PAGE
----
What we learned on Super Wild Card Weekend: Trevor Lawrence’s insane comeback, Brock Purdy’s historic debut

What we learned on Super Wild Card Weekend: Trevor Lawrence’s insane comeback, Brock Purdy’s historic debut

The first day of the NFL postseason didn’t look like it was going to provide many fireworks. After trailing by one point at halftime, the San Francisco 49ers pulled away from the Seattle Seahawks after intermission to earn a convincing victory. Next up for the 49ers is a trip to the divisional round, with the opponent to be determined after the New York Giants and Minnesota Vikings square off on Sunday.

The nightcap, however, turned out to be annoying. The Chargers jumped out to a 27-0 lead over the Jaguars, only for Jacksonville to mount a remarkable rally to secure the 31-30 victory, the third-largest comeback in NFL postseason history. Jacksonville will find out if it plays the Kansas City Chiefs at the conclusion of Sunday’s games (two more AFC games have yet to be played).

With Saturday’s wild-card games in the rearview, here’s what we learned from both contests and how it will carry over into the divisional round and next season.

Lawrence was historically bad in the first 28 minutes of his playoff debut, throwing three interceptions in the first quarter and becoming the first player with more than three interceptions in a quarter of a playoff game to when Carson Palmer had three in the fourth quarter of the 2015. NFC Championship Game against the Carolina Panthers. He threw an interception on his first playoff attempt, the first player to do so since Aaron Rodgers in 2009.

Lawrence was 5 of 18 passing for 35 yards with no touchdowns and four interceptions as the Jaguars trailed, 27-0, with two minutes left in the first half (his passer rating was 0.0). Just after the two-minute mark, Lawrence turned in a corner.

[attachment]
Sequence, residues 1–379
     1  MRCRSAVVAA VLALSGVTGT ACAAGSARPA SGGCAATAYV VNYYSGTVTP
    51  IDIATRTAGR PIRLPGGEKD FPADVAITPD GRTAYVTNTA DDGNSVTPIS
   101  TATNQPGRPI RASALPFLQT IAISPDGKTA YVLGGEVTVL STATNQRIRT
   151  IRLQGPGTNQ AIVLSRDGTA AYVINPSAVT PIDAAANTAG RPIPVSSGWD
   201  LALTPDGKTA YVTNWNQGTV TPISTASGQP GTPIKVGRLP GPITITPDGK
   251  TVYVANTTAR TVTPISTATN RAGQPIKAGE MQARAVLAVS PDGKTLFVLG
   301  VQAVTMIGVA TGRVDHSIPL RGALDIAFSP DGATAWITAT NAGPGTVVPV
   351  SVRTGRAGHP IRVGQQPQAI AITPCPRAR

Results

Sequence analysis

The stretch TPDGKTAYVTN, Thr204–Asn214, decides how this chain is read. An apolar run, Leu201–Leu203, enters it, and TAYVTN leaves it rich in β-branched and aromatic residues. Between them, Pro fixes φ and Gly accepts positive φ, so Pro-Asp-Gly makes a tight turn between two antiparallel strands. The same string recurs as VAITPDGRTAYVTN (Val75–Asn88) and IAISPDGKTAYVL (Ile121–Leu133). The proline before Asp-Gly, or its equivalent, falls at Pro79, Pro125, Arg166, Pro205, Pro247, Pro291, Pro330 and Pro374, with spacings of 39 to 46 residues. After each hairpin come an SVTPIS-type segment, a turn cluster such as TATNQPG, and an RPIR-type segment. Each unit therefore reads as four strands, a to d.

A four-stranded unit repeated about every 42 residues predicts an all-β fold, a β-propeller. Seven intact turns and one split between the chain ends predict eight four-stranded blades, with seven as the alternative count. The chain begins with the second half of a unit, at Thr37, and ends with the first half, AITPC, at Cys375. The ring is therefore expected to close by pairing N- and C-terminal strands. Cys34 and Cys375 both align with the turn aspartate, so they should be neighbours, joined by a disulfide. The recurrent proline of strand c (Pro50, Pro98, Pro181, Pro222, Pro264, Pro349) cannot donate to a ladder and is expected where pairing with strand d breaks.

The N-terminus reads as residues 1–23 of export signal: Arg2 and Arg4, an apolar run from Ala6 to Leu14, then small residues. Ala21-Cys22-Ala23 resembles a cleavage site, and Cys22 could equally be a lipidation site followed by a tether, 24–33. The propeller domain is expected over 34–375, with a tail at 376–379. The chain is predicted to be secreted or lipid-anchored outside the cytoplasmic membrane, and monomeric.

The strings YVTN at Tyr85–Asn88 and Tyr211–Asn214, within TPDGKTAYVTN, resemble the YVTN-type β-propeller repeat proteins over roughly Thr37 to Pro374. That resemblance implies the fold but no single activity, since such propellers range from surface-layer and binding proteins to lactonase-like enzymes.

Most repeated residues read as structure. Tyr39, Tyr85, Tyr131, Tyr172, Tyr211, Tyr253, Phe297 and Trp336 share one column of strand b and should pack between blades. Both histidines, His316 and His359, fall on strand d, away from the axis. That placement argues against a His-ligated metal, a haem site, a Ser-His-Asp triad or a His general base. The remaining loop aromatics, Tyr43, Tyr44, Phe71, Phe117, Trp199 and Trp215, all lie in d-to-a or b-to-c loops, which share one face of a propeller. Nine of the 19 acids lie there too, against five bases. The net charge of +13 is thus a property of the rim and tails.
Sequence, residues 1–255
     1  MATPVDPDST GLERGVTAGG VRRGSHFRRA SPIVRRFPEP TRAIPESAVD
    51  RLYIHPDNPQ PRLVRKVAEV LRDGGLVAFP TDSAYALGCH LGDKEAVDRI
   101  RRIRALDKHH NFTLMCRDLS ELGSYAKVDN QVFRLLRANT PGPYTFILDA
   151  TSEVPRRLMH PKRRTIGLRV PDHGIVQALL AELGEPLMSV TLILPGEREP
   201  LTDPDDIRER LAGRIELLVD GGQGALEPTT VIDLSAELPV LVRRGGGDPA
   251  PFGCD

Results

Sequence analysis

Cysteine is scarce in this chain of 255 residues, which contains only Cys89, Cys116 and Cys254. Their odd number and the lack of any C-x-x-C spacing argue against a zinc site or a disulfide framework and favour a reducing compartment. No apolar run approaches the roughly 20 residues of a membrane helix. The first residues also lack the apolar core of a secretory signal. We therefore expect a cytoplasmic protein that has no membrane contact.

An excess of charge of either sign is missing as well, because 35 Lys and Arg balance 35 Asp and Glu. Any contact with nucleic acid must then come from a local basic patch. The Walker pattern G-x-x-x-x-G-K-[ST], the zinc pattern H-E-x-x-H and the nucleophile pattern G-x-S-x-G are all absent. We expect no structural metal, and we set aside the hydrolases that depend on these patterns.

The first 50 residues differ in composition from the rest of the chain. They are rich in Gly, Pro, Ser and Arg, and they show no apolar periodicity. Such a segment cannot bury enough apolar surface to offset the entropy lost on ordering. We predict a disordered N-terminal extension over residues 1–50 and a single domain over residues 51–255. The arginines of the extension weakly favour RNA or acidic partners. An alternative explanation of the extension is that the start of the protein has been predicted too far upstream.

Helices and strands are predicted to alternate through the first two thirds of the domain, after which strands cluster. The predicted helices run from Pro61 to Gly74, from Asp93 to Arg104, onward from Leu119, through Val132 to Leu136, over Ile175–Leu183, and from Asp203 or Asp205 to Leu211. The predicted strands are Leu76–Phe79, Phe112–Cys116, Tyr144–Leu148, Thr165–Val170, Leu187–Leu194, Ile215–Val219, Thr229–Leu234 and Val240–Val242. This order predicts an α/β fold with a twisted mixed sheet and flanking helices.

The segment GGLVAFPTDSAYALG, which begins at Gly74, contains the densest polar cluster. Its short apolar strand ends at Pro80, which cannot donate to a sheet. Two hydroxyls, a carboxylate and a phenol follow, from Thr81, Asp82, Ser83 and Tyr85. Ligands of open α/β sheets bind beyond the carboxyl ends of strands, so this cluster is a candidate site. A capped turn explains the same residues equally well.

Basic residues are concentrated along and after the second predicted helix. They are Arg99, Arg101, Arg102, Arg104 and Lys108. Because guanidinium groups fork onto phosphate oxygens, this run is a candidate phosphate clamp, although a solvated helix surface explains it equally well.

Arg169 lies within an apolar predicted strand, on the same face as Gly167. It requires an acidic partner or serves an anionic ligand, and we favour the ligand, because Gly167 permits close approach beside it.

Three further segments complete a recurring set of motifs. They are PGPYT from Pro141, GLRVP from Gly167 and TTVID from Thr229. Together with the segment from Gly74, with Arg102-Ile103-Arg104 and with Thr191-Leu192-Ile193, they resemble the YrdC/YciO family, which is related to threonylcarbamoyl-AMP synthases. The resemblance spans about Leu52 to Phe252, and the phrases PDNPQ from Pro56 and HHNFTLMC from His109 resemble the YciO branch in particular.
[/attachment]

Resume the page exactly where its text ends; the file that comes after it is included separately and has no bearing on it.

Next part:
Lawrence went 23 of 29 for 253 yards with four touchdowns, no interceptions and a 142.9 passer rating as the Jaguars outscored the Chargers, 31-3, over the final 32 minutes. Jacksonville scored touchdowns on four straight possessions — all via Lawrence touchdown passes — before Lawrence led the Jaguars to the game-winning field goal with no time left on the clock.

The Jaguars don’t win that game without Lawrence playing as a top-five quarterback, and he showed he can take over a game in the face of the greatest adversity possible.

The charger’s inability to run the ball results in the collapse

The anatomy of a comeback goes two ways, especially when the team that had a 27-point lead saw it evaporate in a loss. The Chargers actually had a 75% punt return percentage after building a 27-0 lead, higher than the Jaguars at 70%. Which team had the lead again with 27 points?

Los Angeles had just 19 yards after building a 27-0 lead, rushing seven times for 20 yards (2.5 yards per carry) in the second half — and 13 of those yards came on a Justin Herbert run. Austin Ekeler had five carries for zero yards in the second half and six total touches for four yards.

Brandon Staley’s team running the ball was tough to defend, but the Chargers offense got nothing out of the running game after going 27-0. Put those two together and you get one of the worst playoff losses in NFL history.

Doug Pederson’s aggressiveness is still paying off

The man who once dubbed the Super Bowl “Philly Special” was up to his old tricks again. Pederson went for two when the Jaguars were within striking distance of the Chargers, cutting the lead to 30-20 in the third quarter. The Jaguars didn’t get the conversion on a Lawrence pass, but that didn’t stop their coach from being aggressive.

On the Jaguars’ next drive, Pederson decided to go for two again instead of kicking the extra point to make it 30-27. Thanks to an unsportsmanlike conduct penalty on Joey Bosa, Pederson got Lawrence to sneak in from the one-yard line to cut the lead to 30-28.